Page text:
Step 2: Prepare your Girl Scouts

Our girls are 5-11 years old, and for some of them, this overnight trip was their first time away from home. Some are very outdoorsy, but for others, this was their first time exploring the wilderness (and definitely their first time sleeping outside). Leading up to our first campout, we focused on one skill or activity per troop meeting to help the girls prepare for camping outdoors. Some of the topics we covered were:

  • Assembling First Aid Kits
  • How To Set Up a Tent
  • Using Resources Wisely (specifically bandana uses, reusable drinking vessels, and the Buddy System)
  • Do a Good Turn Daily & Leave a Place Better Than How Your Found It (aka trash pick-up)

Don’t forget to prepare for the physical demands of the outdoors! We also walked a lot. We tried to walk or take a short hike at least once a month (on a volunteer basis) to get ready for the trip.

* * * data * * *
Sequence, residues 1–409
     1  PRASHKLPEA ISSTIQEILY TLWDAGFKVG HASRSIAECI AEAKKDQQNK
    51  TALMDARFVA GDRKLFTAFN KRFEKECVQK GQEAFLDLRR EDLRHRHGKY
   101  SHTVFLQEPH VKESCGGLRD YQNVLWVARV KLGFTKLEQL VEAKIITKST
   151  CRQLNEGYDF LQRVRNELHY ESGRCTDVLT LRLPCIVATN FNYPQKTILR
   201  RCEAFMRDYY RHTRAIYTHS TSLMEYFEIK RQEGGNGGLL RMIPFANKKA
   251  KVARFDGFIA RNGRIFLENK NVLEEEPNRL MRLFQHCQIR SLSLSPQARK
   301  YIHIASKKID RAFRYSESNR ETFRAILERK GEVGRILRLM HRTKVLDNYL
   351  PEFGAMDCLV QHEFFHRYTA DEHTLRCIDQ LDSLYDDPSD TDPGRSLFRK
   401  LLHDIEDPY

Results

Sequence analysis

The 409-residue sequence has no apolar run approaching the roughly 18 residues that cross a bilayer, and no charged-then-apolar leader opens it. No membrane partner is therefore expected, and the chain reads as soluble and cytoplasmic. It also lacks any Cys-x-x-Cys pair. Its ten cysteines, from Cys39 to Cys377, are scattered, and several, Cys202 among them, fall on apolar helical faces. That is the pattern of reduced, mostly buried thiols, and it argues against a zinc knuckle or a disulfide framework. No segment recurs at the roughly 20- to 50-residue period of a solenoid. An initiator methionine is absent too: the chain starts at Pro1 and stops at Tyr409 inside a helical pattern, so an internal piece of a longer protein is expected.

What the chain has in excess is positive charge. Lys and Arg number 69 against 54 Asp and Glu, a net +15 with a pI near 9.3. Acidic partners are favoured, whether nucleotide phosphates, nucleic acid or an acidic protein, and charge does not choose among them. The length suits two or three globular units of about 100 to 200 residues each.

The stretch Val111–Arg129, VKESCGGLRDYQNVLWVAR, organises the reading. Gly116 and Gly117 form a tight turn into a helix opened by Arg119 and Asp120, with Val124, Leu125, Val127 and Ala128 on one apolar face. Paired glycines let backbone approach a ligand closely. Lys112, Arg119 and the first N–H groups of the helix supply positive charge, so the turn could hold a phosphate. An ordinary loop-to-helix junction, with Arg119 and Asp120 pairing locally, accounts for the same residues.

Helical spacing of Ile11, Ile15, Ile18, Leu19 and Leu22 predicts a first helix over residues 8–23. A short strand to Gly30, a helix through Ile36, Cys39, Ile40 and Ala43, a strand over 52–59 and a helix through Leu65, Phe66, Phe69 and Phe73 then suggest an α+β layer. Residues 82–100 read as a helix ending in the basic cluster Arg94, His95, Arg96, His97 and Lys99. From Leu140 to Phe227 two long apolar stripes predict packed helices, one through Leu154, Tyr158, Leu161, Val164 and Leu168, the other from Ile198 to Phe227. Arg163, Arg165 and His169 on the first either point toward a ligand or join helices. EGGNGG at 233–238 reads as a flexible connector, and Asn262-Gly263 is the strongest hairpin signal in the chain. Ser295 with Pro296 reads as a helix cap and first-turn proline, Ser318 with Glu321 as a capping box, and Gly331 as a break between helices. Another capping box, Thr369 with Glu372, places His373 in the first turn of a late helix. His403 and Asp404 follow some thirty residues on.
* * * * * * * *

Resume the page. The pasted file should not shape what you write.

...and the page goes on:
How to Plan Your First Troop Camping Trip: Tents

Step 3: Consider what your Girl Scouts need

If you’re taking a troop of girls on a camping trip for the first time, it’s important for you as their leader to be as comfortable and confident as possible. Call the Park Visitor Center and ask questions like: What is the terrain like? Do we need quarters for the showers? What kind of wildlife is in the area? Is there a creek running? Can we build a campfire? Do we need to lock up food? Do we need parking passes? Is there a noise curfew? How cold or hot will it get? Is there a 24hrs Ranger or Camp Host? Is there cell phone coverage? If there is an emergency, who do I call? 

Let them talk! They know what your girls will need from the Park’s perspective, and you’ll definitely feel more prepared after hearing from the outdoor experts.

Make sure to survey your parents so you have a better understanding of their daughters’ behavior, habits, or comfort level: Does their child get scared at night? Any food or skin allergies to know about? Does a Scout sleep-walk? Are they good splitting any costs equally?